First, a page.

Hans and the others had to pledge not to rejoin the army, but a month later when the Germans regained control of the area, they had to report.  All but four were executed.  Hans was spared but remained in custody with the German Police.

Maria and her children were ordered to leave Yugoslavia, escorted by German soldiers.  They left everything except what could be taken in three covered wagons.

As refugees, they traveled from Yugoslavia through Hungary, to Czeckoslovakia, were they remained for six months.  “We were forced to give up our wagons and horses for nothing – a slip of paper,” she said.

 

Lived in refugee camp

When the war ended in 1945, they were ordered by the Russians to return to Yugoslavia, but after traveling through Austria with other refugees “in a big truck” were refused admittance by the partisans and forced to remain in camp in Hungary.  “Just in the open, from May until September, with no roof over our heads, not even food,” she said.

During this period of “hardly surviving” whatever valuables she still possessed were bartered for food.

Hans was two and Jack was seven years old.  “I know they had the whooping cough at that time.  I had my last gold piece; my other gold was gone, and I had my wedding ring and you know, I gave that for one little milk,” she lamented, dabbing her eyes.  “You gave everything.  You cannot see your children starving to death.”

Maria was 26 and strong enough to earn a bit of food from the Hungarian farmers by knitting or sewing “or whatever they needed done.”  She would “steal away” from the camp and bring sustenance back to other family members.

Some farmers were generous; many were not.  “They were even choosey,” she said, noting she had once been forced to exchange the dress off her back for a loaf of bread.

She recalled a childless Hungarian family killing a 17-year-old refugee boy for stealing grapes from their vineyard.  “And he did not do that just to steal, but to survive.  They should go and give him some grapes,” Maria said indignantly.

“Every morning when I wake up, I see it was (those) between 13- and 17-year-olds who are dead.  Thy could not survive.  They needed more nourishment at that age and it just wasn’t there.  It was tragic.  You could call it like a holocaust,” she said.

The mortality rate became so rampant officials relocated refugees with local families, “and then it was better,” she said.  But in 1946, the Germans ordered everyone of German descent back to Germany.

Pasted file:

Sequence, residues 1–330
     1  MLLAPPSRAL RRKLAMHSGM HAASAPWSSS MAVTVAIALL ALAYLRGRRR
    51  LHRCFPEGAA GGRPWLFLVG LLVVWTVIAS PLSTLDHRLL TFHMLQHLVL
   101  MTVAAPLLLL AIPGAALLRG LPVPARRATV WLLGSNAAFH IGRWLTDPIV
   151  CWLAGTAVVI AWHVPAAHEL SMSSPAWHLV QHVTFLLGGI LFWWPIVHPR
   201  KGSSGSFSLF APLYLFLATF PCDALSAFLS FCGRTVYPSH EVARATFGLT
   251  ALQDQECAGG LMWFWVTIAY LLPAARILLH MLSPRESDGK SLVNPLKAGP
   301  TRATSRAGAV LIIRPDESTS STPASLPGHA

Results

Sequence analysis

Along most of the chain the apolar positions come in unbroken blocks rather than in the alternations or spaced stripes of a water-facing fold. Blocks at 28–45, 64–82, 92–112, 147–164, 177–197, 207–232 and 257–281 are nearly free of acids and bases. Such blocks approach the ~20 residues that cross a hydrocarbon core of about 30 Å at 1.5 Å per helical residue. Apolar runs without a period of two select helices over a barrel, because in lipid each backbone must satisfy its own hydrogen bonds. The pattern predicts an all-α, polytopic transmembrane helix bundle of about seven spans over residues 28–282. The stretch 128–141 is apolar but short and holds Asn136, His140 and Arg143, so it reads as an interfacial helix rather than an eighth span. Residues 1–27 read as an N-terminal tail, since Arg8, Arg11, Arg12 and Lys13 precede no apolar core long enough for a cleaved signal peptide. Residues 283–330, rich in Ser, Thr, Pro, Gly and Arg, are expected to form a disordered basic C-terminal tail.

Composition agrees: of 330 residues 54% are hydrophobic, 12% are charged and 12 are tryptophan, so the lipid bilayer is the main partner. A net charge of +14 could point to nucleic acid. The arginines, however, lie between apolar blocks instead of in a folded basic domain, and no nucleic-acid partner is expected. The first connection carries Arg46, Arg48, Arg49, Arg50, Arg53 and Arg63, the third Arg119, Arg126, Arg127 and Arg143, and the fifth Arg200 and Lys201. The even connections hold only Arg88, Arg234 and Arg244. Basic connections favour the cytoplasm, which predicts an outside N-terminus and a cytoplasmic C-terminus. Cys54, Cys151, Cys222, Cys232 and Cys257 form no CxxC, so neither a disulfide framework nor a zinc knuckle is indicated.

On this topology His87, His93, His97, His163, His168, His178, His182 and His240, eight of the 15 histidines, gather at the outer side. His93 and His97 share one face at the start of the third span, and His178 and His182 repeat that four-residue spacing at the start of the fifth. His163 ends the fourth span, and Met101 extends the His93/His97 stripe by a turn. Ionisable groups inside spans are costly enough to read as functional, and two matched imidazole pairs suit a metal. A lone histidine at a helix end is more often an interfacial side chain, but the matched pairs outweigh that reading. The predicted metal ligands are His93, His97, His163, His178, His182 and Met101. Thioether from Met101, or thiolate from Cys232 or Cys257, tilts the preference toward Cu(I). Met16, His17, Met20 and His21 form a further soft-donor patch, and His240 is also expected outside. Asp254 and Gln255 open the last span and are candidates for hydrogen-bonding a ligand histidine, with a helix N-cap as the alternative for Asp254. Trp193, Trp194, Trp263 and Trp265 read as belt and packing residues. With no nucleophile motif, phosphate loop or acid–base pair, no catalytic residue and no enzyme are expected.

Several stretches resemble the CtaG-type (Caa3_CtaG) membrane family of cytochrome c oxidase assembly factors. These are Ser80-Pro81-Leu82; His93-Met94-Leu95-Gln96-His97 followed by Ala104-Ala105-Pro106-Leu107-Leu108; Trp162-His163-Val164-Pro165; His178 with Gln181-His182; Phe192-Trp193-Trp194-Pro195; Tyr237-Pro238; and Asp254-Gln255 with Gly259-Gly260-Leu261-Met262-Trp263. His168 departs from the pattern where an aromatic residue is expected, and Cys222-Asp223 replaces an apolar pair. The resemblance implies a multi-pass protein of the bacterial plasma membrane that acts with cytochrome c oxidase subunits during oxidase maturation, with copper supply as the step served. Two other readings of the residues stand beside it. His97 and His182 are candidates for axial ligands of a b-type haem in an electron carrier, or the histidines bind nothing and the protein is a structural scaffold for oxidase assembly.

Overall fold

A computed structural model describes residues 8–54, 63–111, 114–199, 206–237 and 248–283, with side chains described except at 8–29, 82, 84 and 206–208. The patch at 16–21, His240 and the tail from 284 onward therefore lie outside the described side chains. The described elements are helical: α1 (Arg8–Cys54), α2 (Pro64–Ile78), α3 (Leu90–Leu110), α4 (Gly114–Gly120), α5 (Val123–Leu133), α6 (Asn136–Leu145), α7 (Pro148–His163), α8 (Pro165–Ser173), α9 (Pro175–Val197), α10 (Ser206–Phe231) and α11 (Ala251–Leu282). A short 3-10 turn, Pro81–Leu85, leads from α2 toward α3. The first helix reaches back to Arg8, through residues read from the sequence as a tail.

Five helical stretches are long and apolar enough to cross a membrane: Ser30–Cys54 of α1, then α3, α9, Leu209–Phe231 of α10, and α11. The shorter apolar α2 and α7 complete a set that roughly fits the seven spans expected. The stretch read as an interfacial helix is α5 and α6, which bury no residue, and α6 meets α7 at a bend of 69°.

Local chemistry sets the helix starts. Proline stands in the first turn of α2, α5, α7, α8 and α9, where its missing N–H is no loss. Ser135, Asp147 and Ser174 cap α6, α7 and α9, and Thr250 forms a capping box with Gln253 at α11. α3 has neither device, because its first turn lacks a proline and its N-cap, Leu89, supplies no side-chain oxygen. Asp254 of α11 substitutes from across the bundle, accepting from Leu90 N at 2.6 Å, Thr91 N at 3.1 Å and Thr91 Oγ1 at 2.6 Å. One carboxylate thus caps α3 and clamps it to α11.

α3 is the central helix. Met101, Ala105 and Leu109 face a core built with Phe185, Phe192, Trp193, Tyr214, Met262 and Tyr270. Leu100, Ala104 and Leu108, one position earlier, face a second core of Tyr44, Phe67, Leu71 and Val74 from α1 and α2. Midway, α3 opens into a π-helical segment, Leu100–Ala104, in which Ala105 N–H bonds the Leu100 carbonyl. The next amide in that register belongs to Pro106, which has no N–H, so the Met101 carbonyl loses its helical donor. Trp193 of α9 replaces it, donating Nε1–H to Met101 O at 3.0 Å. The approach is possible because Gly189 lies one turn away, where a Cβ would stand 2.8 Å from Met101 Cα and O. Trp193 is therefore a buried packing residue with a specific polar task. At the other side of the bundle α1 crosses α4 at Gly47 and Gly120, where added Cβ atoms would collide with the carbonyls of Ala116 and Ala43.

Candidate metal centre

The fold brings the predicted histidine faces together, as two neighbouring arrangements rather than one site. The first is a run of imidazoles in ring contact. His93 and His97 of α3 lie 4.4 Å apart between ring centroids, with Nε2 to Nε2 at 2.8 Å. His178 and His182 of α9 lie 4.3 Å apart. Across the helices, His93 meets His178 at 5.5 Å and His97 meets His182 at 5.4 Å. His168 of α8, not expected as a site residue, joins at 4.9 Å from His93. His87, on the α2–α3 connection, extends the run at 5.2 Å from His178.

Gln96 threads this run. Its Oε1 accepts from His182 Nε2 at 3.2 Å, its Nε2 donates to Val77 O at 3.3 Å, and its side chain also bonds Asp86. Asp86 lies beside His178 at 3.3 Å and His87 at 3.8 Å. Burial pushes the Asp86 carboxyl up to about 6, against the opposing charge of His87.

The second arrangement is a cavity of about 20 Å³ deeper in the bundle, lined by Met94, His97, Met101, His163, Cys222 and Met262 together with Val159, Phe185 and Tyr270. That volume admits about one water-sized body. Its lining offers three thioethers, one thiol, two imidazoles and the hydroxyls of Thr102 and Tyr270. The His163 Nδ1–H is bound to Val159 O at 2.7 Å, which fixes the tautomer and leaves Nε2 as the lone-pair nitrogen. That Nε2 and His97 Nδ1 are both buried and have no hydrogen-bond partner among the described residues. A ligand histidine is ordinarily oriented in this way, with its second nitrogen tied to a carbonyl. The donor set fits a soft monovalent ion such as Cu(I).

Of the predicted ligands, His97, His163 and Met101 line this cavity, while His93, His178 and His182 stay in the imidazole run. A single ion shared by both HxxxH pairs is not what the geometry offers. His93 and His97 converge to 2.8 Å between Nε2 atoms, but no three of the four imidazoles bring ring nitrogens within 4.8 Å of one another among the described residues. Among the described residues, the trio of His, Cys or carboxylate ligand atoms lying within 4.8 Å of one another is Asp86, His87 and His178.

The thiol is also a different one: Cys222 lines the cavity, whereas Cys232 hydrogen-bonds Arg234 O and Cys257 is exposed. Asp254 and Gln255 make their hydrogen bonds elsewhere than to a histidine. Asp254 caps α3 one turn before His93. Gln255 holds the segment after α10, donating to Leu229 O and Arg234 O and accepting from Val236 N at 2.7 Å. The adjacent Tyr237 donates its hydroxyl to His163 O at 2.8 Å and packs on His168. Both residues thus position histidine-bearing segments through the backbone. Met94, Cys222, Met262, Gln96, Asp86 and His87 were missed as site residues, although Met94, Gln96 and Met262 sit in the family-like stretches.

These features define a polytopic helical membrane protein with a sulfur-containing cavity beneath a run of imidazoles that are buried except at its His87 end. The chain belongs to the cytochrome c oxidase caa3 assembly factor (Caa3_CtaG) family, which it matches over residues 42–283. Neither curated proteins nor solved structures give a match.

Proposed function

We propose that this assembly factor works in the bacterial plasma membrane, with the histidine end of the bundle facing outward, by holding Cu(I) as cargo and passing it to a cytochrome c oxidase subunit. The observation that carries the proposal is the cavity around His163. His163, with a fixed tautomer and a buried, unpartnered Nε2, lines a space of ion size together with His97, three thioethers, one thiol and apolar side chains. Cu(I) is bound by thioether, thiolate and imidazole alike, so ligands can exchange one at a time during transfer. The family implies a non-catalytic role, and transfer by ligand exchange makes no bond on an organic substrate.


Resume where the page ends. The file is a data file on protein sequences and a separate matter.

“There was only the freight trains.  It took us an entire month because the cars were always disconnected and left to stand.”  The Weissgerbers had lost all their belongings and survived by eating food thrown to the children by soldiers.  Seven people were crammed in one room in Robern, Germany, including Maria’s father, children, in-laws, and a nice.  Maria’s mother had died of “a broken heart,” during the war, she tearfully explained, because Maria was not allowed to cross the German/Austrian border – “a distance of less than a kilometer” – to visit her.  So in this way, I feel responsible for my mother’s death.”

Germany brought brighter times.  After two years separation, Hans SR. located his family via communication with an uncle in Pennsylvania.

They moved to France so Hans could work, but were not welcome with a wife and two children to feed, so they returned to Germany, settling in Offenburg in the Black Forest near the French border.

They lived in a refugee camp and both Hans and Maria worked for the French occupation troops while the youngsters were kept in a children’s camp.

One day Maria took Jack for a walk and met a German soldier who had been a doctor friend of the family.

When he learned they were sharing a hall with 38 others, he obtained a private room for them and brought food and a burner on which Maria could cook.

They eventually obtained a small room in the home of a German couple who were reluctant to house children.  But Maria’s diligence, kindness and tact and Han’s ability to bring home a bit of meat from the butcher shop where he now worked, won favor with the couple.

“They had vineyards, and one day they gave us a bottle of wine.  I told them that wasn’t necessary but that was so good,” Maria remembered with a smile.  Things were looking up:  the Weissgerbers were also granted an upper portion of the house, with their own bedroom, bathroom and kitchen.